answering cries for help
by Ronnie S. Stangler, M.D.
Guest Columnist to the Seattle Times/Special to The Seattle Times
Carol M. Ostrom’s front-page story about Martha Silano, Langdon Cook and their baby boy, Riley, was deeply disturbing. The aftermath of Group Health Cooperative’s refusal to reimburse the majority of medical treatment for Silano’s devastating postpartum psychosis has produced a sad irony. This family demonstrates far more intelligence, generosity and courage than the system of care that refused to support their medical treatment. Silano and Cook have assumed the burden of attempting to educate all of us, not only about a terrible, yet treatable, psychiatric disorder, but also about the discrimination and ignorance that those who seek treatment so often confront.
The Surgeon General’s Mental Health Report of 1999 indicated that, in any given year, one in five Americans experiences significant psychiatric disturbance requiring medical attention.
This disturbance may take the form of a depressive episode in a young mother, such as Silano, following the birth of her first child; it may be observed in a series of terrifying panic attacks, which prevent our neighbor from leaving her home; it may appear in the obsessional thinking and ritualistic behavior of the little boy who compulsively washes his hands for hours despite pain and bleeding.
Psychiatric disorders do not just affect strangers and strange people. These illnesses alter the lives and destinies of our friends, family, neighbors, coworkers and, ultimately, the course of our entire society. Untreated psychiatric illness contributes to societal financial costs of underemployment, homelessness and imprisonment. The human cost of despair and broken lives is incalculable.
The U.S. Congress declared the 1990s the Decade of the Brain. Through research in basic neuroscience, behavioral science, molecular biology and genetics, we have learned much about the complex workings of the brain. The stunning progress of the decade was crowned in the fall of 2000 by the selection of Dr. Eric Kandel, an American psychiatrist, as Nobel Prize winner in medicine.
Kandel’s research helps fade false and dangerous distinctions between mind and body. A chief tenet of his work is that all mental processes, even the most complex psychological processes, derive from operations of the brain. We are increasingly able to pinpoint specific areas of brain dysfunction in many psychiatric conditions. Psychiatric medications, increasingly free of troublesome side effects, are dramatically effective in even the most serious illnesses.
While we have much to learn, especially in the areas of mental illness prevention and mental health promotion, current clinical research demonstrates effectiveness rates of combined psychotherapy and medication for many psychiatric conditions that significantly surpass those for the most commonplace medical interventions.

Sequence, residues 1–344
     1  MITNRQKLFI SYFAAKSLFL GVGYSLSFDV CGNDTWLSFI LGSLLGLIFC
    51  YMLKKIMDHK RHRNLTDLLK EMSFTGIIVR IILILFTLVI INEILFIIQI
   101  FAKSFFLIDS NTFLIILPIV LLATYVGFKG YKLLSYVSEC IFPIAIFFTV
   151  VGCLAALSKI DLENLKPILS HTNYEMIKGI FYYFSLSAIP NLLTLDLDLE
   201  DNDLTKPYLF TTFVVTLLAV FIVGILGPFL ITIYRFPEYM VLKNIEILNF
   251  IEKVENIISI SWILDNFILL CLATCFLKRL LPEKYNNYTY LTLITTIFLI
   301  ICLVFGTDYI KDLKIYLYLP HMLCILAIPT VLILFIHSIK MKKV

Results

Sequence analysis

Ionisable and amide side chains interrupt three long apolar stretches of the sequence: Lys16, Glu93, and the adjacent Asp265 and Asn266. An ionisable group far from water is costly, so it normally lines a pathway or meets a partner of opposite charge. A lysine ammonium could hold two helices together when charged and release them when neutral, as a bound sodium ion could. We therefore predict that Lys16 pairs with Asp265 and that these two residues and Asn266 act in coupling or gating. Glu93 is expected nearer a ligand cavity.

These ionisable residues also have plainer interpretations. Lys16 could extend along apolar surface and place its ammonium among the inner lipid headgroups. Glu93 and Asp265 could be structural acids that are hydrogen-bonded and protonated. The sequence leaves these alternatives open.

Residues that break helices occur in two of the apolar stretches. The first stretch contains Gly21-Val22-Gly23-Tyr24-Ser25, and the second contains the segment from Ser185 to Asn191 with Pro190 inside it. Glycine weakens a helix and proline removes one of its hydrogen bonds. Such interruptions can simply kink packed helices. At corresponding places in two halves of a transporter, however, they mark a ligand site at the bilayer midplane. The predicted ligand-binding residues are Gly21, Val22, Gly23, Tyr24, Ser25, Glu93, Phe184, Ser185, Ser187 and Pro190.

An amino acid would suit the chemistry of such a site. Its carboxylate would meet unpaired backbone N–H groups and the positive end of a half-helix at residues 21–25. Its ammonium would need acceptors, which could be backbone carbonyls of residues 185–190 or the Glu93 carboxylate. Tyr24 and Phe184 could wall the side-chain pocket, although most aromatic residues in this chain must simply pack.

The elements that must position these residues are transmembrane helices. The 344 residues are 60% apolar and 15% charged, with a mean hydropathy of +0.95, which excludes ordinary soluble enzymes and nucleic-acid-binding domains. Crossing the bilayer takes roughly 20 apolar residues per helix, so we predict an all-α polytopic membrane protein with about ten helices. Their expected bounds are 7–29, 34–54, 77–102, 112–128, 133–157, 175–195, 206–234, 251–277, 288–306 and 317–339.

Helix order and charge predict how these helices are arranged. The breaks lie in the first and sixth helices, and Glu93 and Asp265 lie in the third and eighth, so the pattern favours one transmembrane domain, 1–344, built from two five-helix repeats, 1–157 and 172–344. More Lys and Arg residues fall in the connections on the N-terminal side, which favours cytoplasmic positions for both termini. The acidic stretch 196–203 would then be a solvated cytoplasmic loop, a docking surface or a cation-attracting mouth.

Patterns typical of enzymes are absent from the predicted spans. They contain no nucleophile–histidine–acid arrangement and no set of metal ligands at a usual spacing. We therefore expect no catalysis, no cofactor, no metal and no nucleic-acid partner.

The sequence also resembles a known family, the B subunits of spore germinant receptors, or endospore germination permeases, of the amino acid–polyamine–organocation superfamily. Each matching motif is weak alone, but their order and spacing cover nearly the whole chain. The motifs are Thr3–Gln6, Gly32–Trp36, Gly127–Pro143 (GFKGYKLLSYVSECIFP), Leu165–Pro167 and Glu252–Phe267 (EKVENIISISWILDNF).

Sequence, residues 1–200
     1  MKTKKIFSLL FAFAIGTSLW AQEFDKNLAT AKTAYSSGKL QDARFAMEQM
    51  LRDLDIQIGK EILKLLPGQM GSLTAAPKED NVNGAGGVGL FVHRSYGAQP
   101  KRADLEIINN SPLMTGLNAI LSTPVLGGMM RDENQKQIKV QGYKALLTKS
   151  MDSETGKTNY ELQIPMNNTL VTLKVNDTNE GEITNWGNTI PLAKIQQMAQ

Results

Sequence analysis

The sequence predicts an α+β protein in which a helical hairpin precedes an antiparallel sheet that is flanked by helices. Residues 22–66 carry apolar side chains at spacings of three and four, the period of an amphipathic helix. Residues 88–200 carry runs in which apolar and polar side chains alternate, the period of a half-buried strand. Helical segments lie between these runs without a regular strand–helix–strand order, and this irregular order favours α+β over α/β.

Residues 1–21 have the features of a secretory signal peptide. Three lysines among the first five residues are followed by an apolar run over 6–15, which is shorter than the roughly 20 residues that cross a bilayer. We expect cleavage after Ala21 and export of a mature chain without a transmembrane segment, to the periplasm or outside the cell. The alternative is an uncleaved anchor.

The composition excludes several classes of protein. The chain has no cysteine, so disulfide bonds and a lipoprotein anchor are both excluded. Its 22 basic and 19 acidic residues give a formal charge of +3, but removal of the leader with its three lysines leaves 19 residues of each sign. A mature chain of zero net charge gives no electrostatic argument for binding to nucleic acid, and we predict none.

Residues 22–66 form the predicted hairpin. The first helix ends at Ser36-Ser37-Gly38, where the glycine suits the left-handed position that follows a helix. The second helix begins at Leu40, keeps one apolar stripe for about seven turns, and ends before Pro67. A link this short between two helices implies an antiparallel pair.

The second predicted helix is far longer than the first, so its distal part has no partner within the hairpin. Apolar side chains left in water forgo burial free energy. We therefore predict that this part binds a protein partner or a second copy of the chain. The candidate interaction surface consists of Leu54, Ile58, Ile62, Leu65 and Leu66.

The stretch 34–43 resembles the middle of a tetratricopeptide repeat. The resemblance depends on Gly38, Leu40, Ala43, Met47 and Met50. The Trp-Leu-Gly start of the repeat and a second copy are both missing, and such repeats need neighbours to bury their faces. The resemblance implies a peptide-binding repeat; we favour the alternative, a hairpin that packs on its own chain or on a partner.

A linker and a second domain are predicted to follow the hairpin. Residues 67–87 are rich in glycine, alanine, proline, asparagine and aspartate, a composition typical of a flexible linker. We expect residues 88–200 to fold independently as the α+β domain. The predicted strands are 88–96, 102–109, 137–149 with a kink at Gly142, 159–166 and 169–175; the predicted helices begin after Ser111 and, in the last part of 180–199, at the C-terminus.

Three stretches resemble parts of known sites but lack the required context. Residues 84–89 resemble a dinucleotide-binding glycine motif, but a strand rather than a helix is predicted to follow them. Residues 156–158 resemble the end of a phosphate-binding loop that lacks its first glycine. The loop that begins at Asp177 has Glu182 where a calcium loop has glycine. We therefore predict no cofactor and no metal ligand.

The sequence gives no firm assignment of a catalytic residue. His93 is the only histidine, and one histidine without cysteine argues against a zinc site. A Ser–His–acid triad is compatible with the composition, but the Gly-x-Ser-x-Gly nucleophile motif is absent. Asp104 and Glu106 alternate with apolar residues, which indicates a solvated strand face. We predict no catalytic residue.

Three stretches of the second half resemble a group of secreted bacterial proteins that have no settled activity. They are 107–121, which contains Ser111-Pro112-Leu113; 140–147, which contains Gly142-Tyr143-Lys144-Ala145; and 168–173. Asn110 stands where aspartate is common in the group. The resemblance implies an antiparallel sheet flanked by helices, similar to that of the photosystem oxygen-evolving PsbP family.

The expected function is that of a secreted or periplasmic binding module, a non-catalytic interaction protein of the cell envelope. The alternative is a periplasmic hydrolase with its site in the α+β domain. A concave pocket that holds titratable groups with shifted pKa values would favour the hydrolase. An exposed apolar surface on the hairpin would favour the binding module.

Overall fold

Yet, access to these treatments has been thwarted by stigma, prejudice and greed. Those most critically ill are poorly served in overcrowded and underfinanced public institutions and are least able to articulate their cause. Forty-four million Americans, a half million of whom are Washington residents, do not have any medical insurance at all.
And even those who do have insurance find it supports universally discriminatory care. Obstacles we too often suffer in silence are large co-payments, restriction of access to appropriate professionals, arbitrary limitations on the duration of treatment, and substitution of older medications when newer ones are better tolerated and sometimes even more effective.
Psychiatric treatment remains the beggar of health care.
Group Health CEO Cheryl Scott blames the Silano-Cook situation on failure of public policy. While it is true that enormous reform is necessary at both state and federal levels, this shift of responsibility is deeply destructive.
Group Health’s comments that this postpartum event was not a medical condition represent, at best, naïve, reductionistic word play and semantics; at worst, ignorance and/or compromised ethics. Meaningful solutions to protect the total health of all Americans require the exercise of our collective responsibility. Beyond the continued development of neuroscience in the laboratory, we must daily share a resolve. We must educate ourselves, as well as our policymakers, about these matters; we must demand rational behavior from insurers, as well as legislators; we must require both government and corporate responsibility.
And, ultimately, we must all join the Silano-Cook family to decry dangerous and foolish practice. Their most recent appeal for reconsideration of Group Health’s denial of complete coverage failed again, even after the recent tragedy in Texas, where Andrea Yates, in the throes of an inadequately treated postpartum psychosis, killed her five children.
The Seattle Times front page presents us with an alternative graphic: the photograph of healthy baby boy Riley, with his boundless potential and promise.
This is our choice.
Dr. Ronnie S. Stangler, a clinical professor in the Department of Psychiatry and Behavioral Sciences at the University of Washington, chairs the Information Technology Committee of the American Psychiatric Association and is former president of the Washington State Psychiatric Association.
Published Seattle Times Monday, July 30, 2001
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